John S. Brana Designs: Adding a New Sheen to Contemporary Jewelry
Out of the traditionalists' preference for 24k, a new type of jewelry artist has emerged, where the designs are worth their weight in gold, but not necessarily made from the metal itself. Designers like John S. Brana are bringing a new sheen to the contemporary jewelry market by giving copper and bronze a prominent name among high end jewelry collectors.
Brana's jewelry can be found dangling around the necks, wrists and ears of both actors, models, and everyday people, but no two pieces are alike. Inspired by the charm of San Francisco's most characteristic neighborhoods, each piece is handcrafted, with price ranges from $30 to $20,000.
Brana loves to feature nontraditional metals, his most recent collection thrusting copper and aluminum in the spotlight. His designs are flirtatious and intricate, often with elegant geometric textural elements and clean curves. His new line, named after the South of Market district, "SoMa," is inspired by the curved angles of the architecture and the "opulent gold rush period" of its heyday.
Not many other jewelry designers value the unique abilities of copper the way Brana does. In a contemporary jewelry industry founded on the classic value of semi-precious metals and gemstones, his choice of materials like copper, bronze and aluminum is giving a new sheen to the high end jewelry industry.
"I didn't want to pursue being a goldsmith," Brana explains. "Jewelry customers think of copper in the dark brown oxidized way-like an old penny." But many of Brana's copper and bronze pieces are exquisitely polished, breaking the customer's previously held belief about what copper can be and how it is worn. "When they see my red brass pieces, made from 85% copper and 15% zinc, they think it looks like 14k gold!"
Brana's charmed life as a designer had not been his original career choice. Before starting up John S. Brana Designs in 2006, he had been a VP of Finance at Charles Schwab, when a series of events compelled him to turn a 180. The financial services industry that had coasted high on the dot-com boom came barreling down after the recession that echoed from tower collapses of 9/11. Surviving three rounds of cuts from his company, it was a personal crisis that brought Brana to his creative side.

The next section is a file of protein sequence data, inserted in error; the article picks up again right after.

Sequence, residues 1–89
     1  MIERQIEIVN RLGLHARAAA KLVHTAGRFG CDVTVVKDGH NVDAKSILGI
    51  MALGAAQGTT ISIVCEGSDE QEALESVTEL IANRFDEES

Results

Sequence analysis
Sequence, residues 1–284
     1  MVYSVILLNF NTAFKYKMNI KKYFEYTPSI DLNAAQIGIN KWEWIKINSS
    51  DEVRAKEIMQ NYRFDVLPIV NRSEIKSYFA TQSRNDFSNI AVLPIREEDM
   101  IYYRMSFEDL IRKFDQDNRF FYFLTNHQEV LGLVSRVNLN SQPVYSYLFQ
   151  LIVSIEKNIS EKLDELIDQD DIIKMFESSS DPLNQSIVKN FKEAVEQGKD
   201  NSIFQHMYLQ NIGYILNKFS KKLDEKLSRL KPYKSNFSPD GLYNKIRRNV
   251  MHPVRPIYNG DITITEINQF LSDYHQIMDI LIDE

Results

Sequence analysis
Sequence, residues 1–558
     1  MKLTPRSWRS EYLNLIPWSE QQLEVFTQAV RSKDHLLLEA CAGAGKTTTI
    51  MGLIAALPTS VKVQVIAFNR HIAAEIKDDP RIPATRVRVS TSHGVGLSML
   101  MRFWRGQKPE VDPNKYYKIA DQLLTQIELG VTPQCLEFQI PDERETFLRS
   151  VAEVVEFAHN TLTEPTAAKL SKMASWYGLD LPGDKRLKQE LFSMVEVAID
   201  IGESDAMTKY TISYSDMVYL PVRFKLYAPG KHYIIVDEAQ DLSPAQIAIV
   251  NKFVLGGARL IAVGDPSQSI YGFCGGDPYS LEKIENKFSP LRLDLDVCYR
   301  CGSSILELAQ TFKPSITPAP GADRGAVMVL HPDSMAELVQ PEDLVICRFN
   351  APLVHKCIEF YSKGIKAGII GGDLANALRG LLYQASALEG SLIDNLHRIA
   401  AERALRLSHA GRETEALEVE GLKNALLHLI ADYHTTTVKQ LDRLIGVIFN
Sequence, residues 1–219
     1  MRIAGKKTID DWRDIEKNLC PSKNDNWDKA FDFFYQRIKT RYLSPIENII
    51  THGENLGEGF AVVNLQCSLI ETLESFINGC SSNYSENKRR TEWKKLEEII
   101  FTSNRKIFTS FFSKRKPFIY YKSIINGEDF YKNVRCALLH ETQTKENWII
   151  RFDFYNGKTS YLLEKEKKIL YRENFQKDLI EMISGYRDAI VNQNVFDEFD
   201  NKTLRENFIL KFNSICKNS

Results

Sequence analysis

"My father developed lung cancer, and I came to the realization that I no longer wanted to pursue a corporate agenda," he recalls.
One day on television he caught a Carol Duvall demonstration on Precious Metal Clay-a clay form that can be molded into any shape and fired to become pure silver. Intrigued by the process that would marry his interest in ceramics with the new pursuit of wearable art, he began experimenting with jewelry design. Though he soon abandoned PMC as a "hobbyist medium," it ushered him into the realm of the professionals. From there he went on to perfect his skills in melt casting and fabrication, and hasn't looked back since.
The designs speak for themselves with a perfect combination of allure and a price range for everyone. One of the most popular of his designs is a flower or leaf shape, part of a chasing and folding process with the malleable copper. When asked how he gets the realistic representation of a leaf's veining he is quick to point out that none of it is impressed from an original. "It's all chased by hand," he explains, a similar process as engraving aimed to create a decoration. Due to copper's elasticity, designs can be folded to create the shape of leaves or petals: "If you fold the metal like you fold a taco, you've got a folded side and two edges. If you chase on the edge you can expand the piece in a crescent shape to get a leaf pattern."
Brana also uses organic techniques to bring about the natural patination processes, resulting in earrings and pendants of turquoise, magenta, mustard and cauliflower blue with a notable texture.
"There's probably 300 different colors that you can apply to copper," he says, referring to his Muir Woods collection of patinated pendants and earrings. That is what is special about copper, he says. "You can't do that with any other metal."
To make his patinas, Brana will moisten the copper with ammonia, vinegar or other chemicals and bury it in sawdust, soil or tobacco for three weeks to age. "I like that you get a very in-depth texture," he says, because all copper that's patinated goes through a sandblasting process so that the chemicals more easily adhere to the metal.
Everything that Brana sells is handmade, chased or patinated by him, singularly working long hours in the studio. But his bronze rings are truly one-of-a-kind-hand-sculpted precisely to the size, color and weight of a particular gemstone. Brana employs the lost-wax casting method to create the basic bronze ring, casting about 40 at a time. Then each gemstone is individually set, and the ring carefully hand-polished up to 45 minutes before it's completed.
"I think the strength of my design company is that it hasn't followed a traditional route," says Brana. "People like my jewelry not because of the semi-precious metals, but because of the interesting original designs."
Also in this Issue:
- John S. Brana Designs: Adding a New Sheen to Contemporary Jewelry
- Arizona Copper: Home of Copper Ken
- Kindred Spirit Designs: Creating Rainbows on Copper
- The Beautiful History of Capital Copper
- Spirit and Form: Michele Oka Doner at Frederik Meijer Gardens & Sculpture Park